Peter S. Wells’ book Barbarians to Angels is a look at the Dark Ages in the ‘cultural continuity’ tradition that started in the 1970s. It is mostly aimed at dispelling the extremely bleak view of post-Roman history taken by the early Humanists to Gibbon and through most of the twentieth century..

And it’s a certainty that things weren’t as bad as they represented them. However, the arguments presented that the post-Roman world continued without major disruptions are often nebulous, ill-supported, and lacking any degree of detail.

The strongest assertions are with the continuance with cities. The older view generally asserts that post-Roman cities were abandoned, or greatly reduced in size. Wells talks about what archaeology has found in several cities throughout Europe that show these cities did not show in disruption in the post-Roman era, as well as several sites outside the Roman world that developed in this time frame. However, one city did indeed shrink massively in this period (Rome itself), and there’s no discussion of if there are any cities from that period where there has been a conspicuous absence of any meaningful finds. Absence of evidence is not evidence of absence, but the comparison would provide a useful baseline for better theorizing.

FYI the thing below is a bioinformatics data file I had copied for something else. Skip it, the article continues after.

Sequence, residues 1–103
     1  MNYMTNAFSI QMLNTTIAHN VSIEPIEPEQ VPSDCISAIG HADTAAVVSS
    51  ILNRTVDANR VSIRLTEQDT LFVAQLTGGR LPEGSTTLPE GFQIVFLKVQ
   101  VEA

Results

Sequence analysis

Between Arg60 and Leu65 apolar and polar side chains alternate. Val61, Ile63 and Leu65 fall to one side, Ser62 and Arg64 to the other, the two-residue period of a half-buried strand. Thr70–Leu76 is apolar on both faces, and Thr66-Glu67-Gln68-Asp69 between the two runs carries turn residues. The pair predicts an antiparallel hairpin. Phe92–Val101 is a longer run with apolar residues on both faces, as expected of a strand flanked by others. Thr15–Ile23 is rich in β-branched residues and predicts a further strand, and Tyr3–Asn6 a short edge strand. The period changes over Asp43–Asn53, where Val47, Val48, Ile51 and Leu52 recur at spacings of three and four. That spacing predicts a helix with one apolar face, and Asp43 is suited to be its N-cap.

Still, archaeology is the best parts of the book, and I wish he had gone into more detail about what has been found. New finds are made all the time, and this book does touch on several more recent ones. I think a more systematic examination would have helped develop his argument much better. As it is, he shows that there were new sites, outside the Roman world (in the Baltics) that were developing, and trading. And while that does support his refrain that Europe did not turn into a howling wilderness, it does speak to the potential of large economic shifts, which would disrupt ordinary life.

Moreover, Wells asserts at one point that the finds of exotic luxury goods in graves and the like disproves that trade declined in the post-Roman period. No, it only shows that luxury goods continued to be traded; it says nothing about bulk non-luxury goods, the part that only sees trade when there is a well-established infrastructure in place.

In the end, I suppose I was expecting a more scholarly work, while this is really a very introductory text. It is also aimed at traditional rut of learning about the period, which is not where I am. It’s not a bad book, but not what I’m looking for.